When dinner arrived (wow! GOOD Chinese food delivered!), all their kids went immediately to the table and started eating. Jet refused to eat anything, and just played with the cars and toys he'd had up to that point. I guess he just really needed the playtime. He played with them when they got down from dinner, and he played with them while they took their turns at baths.
Josh and Jet had a great time feeding balls into the Rokenbok setup that they had. The trucks were remote controlled, and the various ball feeds were switch controlled, and there was a cool conveyor belt that had a sensor so it would only go when there were balls in the hopper. They fought, genteelly (i.e. no biting on either side) over the balls, the trucks and who got to feed what where, but on the most part they played really well together.
It's amazing seeing them side by side. Josh is a real cutie. They're both about the same size and they both were pretty interested in each other.
Katie's a real cutie, too, and she had both John and I reading her her Stitch book in no time. It was really fun. Robert was quiet and good about bring other toys out for Jet, too. He's much more grown up, though, than Jet, and was happy to occupy himself in other ways as well. I'm very impressed with all the kids and how welcoming everything was. Jet was in heaven. It was a very, very good break for him after all the adults and all the non-kid stops up to this point. I think he really needed it.
After all the other kids had gone to bed, he deigned to eat a few Fruit Loops, drink his milk, and settle down to play a bit with us. He found some Disneyland light toys that he and Sherylyn played with with each other. He also played with them with John, and finally took one up with him to get his teeth brushed and changed into his PJ's. by the time he nursed, he let go of everything but the trucks, and went to sleep, just fine, on the kid futon at the foot of our bed. Whew.
I put away the toy, found my digital camera, and got myself ready for bed. John had gone to sleep while I was nursing Jet, and the two boys were dead to the world. I sometimes wish I could sleep like they do. But it's definitely been a good day.
One thing I did want to note about the Petterson's house. Sherlyn often talks about the house being a mess or something like that in her journal, but I have to say that it's an impeccably clean house. It's beautifully clean and neat. It is, however, stuffed to the gills with all kinds of things. I was just amazed in many ways that they were able to fit so many things in so many places and have it not be, on the most part, untidy or, in any way, dirty. It was beautifully clean and amazingly full From all that, I gained a much, much better perspective on why they didn't want to move a while ago when they were deciding on some life choices.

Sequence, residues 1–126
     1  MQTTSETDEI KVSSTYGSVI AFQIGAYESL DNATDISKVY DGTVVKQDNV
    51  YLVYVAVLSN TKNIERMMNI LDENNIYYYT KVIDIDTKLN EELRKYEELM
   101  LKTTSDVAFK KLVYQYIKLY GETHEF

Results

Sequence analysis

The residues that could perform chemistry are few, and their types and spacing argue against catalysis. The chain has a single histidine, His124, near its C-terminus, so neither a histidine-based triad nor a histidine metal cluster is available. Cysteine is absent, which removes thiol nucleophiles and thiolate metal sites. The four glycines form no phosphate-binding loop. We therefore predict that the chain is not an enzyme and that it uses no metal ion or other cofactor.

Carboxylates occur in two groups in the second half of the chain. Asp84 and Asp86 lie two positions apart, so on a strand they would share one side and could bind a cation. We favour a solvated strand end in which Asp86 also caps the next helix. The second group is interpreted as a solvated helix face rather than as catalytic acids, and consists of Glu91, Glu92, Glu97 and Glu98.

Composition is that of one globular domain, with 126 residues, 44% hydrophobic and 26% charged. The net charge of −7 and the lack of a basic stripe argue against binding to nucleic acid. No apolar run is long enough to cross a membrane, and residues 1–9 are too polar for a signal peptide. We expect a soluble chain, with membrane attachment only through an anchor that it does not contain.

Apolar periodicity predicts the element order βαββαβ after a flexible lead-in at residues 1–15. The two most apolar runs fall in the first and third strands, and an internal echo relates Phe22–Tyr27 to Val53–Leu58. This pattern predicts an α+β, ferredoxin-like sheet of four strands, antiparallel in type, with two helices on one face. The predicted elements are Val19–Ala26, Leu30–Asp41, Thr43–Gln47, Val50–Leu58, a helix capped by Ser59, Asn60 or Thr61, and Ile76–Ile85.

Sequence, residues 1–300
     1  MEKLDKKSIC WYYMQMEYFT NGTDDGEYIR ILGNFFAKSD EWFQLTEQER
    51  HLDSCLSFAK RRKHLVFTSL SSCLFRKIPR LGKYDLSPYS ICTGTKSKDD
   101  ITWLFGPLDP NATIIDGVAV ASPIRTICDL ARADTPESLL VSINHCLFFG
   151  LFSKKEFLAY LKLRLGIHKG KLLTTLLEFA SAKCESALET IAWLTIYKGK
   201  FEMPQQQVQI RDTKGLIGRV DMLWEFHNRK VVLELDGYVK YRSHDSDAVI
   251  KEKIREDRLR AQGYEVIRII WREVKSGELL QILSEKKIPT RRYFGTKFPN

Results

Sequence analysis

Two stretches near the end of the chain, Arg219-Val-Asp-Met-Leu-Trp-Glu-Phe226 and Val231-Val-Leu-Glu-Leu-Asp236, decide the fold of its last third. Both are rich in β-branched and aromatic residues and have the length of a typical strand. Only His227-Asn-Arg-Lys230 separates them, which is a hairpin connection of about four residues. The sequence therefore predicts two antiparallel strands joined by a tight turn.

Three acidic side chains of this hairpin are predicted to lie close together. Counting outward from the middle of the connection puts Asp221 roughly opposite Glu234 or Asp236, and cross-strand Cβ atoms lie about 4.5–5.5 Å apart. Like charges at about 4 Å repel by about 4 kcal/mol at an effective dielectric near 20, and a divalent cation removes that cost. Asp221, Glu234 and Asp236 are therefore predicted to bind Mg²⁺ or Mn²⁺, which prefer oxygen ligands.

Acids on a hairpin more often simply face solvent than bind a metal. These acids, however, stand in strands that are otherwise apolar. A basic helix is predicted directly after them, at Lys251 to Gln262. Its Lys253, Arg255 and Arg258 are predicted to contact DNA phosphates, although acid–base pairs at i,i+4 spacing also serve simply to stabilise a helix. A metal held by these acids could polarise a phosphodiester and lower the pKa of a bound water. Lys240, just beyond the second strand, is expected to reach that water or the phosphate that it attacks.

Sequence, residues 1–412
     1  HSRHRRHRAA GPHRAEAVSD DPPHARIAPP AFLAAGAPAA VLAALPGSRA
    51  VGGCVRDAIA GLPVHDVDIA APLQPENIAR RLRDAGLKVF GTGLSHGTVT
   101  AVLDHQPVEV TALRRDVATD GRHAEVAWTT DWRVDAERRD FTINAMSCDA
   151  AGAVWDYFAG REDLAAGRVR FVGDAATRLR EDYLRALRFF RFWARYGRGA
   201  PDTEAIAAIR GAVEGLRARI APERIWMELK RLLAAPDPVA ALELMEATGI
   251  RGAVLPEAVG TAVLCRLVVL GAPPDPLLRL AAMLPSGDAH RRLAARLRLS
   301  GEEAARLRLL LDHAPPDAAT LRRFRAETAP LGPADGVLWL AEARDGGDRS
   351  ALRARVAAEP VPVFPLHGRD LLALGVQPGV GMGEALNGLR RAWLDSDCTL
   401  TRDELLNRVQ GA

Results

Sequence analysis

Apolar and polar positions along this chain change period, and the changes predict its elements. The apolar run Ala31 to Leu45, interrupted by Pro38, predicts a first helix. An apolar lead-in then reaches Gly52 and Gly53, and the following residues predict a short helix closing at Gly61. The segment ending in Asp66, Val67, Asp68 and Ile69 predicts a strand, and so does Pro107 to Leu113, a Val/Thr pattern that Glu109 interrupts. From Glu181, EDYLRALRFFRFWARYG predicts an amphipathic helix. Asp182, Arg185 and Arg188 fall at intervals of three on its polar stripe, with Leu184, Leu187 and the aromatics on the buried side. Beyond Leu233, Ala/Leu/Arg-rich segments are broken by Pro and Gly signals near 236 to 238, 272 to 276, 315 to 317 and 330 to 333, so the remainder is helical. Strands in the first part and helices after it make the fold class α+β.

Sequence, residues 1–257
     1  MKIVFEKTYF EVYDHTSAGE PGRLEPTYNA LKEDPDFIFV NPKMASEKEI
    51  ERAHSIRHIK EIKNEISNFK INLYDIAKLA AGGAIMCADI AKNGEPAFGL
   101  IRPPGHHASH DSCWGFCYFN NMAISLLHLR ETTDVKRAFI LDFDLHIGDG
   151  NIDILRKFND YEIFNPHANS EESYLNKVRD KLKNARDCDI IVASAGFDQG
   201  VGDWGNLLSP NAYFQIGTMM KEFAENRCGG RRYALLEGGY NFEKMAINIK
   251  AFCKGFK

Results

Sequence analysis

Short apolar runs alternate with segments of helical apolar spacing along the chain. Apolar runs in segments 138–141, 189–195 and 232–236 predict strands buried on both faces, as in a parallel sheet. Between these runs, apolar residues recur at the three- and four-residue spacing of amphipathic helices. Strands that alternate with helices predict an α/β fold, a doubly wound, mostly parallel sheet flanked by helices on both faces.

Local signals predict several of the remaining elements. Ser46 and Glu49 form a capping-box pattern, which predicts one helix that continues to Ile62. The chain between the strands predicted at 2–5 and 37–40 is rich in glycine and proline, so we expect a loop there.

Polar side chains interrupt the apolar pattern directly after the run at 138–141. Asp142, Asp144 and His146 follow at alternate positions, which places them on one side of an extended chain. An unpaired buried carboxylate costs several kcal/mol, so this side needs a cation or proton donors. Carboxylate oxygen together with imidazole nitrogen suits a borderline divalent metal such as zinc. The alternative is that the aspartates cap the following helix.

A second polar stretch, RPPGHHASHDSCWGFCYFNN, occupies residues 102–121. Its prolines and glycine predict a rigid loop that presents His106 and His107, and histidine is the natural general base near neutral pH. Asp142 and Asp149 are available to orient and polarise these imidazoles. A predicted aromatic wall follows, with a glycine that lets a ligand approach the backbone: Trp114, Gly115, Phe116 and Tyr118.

I had, for most of my childhood moved about every three to five years. So our compliment of Stuff has always been mildly spare in ways and I've always been willing to use stuff up, clean things out, and give to Goodwill anything I even might not use (including, to my sorrow, a box of D&D books). I get rid of a lot of Stuff, and, of course, find that moving is a great opportunity to prune it all down even more. But that sparseness comes at the cost of always feeling like I have no roots, or that there is no real permanence to any home I might have.
Planting the tomatoes this year was a tremendously odd thing for me to do this year. With us being gone for a month, they're likely to be neglected or die or something. But it felt good to do it, too, as we're likely to stay here for at least a year. Surrounded by all of Sherylyn's *stuff* I felt a deep sense of permanence, rootedness, and a sense I'd never had as a kid of 'things are going to be Just Like This for a while'. I can now see why it could be a very good thing. That was very cool to experience, and I don't think I would have been able to understand it if I hadn't experienced their home and how it feels.